As Secretary of Defense Robert Gates prepares to go to China and President Obama prepares to host Chinese leader Hu Jintao, it is important that they recognize that the Chinese leadership has an increasingly capable military at its disposal. Worse, the factors shaping that military remain opaque.
The Growing Chinese Military
A number of items concerning the Chinese People’s Liberation Army (PLA) were in the news this past week. The most high profile was the comment by Admiral Robert Willard, chief of U.S. Pacific Command, that China’s anti-ship ballistic missile (ASBM) system had reached initial operational capability (IOC). This means that the Chinese DF-21D, which is believed to have been developed specifically to target U.S. carrier strike groups (CSGs), has now been distributed to at least some PLA units for actual operational use in the event of conflict.
The DF-21D is not a new program; its development has been mentioned in various official and academic publications, including this year’s Department of Defense report on China, released in August. What is striking is that the system has reached IOC much earlier than had been expected. The annual Pentagon report on Chinese military capabilities, for example, gave no indication that the system was going to reach IOC this year.
At almost the same time, Chinese Internet sites revealed pictures of a possible Chinese stealth-type fighter aircraft. The pictures are grainy and may not bear any resemblance to any actual Chinese aircraft in development, although it is apparently referred to as the J-20. The larger point is that such photos reached the Chinese portion of the Internet about the same time as Admiral Willard raised the subject of the DF-21D again.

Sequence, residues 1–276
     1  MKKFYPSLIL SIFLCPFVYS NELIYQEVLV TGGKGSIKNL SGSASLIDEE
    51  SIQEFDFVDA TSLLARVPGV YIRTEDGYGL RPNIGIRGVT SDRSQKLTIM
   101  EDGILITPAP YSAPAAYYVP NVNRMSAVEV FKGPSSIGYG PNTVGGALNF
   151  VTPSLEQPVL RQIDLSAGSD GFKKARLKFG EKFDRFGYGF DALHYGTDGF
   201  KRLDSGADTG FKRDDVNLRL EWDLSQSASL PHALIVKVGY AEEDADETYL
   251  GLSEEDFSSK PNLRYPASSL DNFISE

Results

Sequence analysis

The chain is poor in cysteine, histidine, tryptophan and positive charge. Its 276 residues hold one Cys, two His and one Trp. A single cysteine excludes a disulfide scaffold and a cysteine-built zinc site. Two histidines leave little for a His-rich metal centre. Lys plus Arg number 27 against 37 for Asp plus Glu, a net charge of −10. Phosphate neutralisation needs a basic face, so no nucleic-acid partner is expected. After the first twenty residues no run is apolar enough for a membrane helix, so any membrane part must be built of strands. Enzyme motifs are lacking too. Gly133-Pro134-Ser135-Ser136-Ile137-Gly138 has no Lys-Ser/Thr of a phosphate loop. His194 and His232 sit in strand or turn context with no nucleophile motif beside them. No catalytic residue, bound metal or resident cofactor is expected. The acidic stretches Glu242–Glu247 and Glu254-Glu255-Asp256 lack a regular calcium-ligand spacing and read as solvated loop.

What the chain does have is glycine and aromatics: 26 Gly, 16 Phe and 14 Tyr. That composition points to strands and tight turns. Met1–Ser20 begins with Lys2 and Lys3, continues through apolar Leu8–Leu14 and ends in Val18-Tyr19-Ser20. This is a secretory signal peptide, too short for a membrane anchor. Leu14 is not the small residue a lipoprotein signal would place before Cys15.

Meanwhile, there are reports that the Chinese carrier Shi Lang (formerly the Varyag) may be ready for launch in 2011. This, too, would appear to be far in advance of prior estimates of when the ex-Soviet aircraft carrier might be refurbished—and make a mockery of those who had claimed that the Chinese were either not interested in or not capable of developing and operating an aircraft carrier.
All of these news items serve to underscore that China’s military development has proceeded more rapidly than many had expected. Nor is this accelerating pace limited to equipment items. The Chinese military in 2001 were only beginning to incorporate concepts of jointness into their doctrine and were focused on the “juntuan” level of group armies and military region air forces. By 2010, there was much more discussion of jointness at the operational level, including joint operations between ground brigades and air regiments. While this is not quite the same as American joint operations, it is notable, since China is making such changes without the pressure of or experience from two ongoing wars. Indeed, all of these military efforts are occurring without any pressing military threat to China’s borders or interests.
It remains to be seen, though, what the 2010 Chinese defense white paper will reveal about Chinese military policies and emphases. Few Western analysts, however, expect it to be significantly more revealing about Chinese decision making than the previous editions.
For all the purported interest in sustaining military-to-military exchanges, there is little indication that Beijing sees them as much more than an opportunity to gain information and press their political and diplomatic agenda. Where the U.S. has tried to use military-to-military meetings to propose operational steps for minimizing the potential for incidents or misunderstanding, China uses these meetings to demand alterations in fundamental U.S. policy.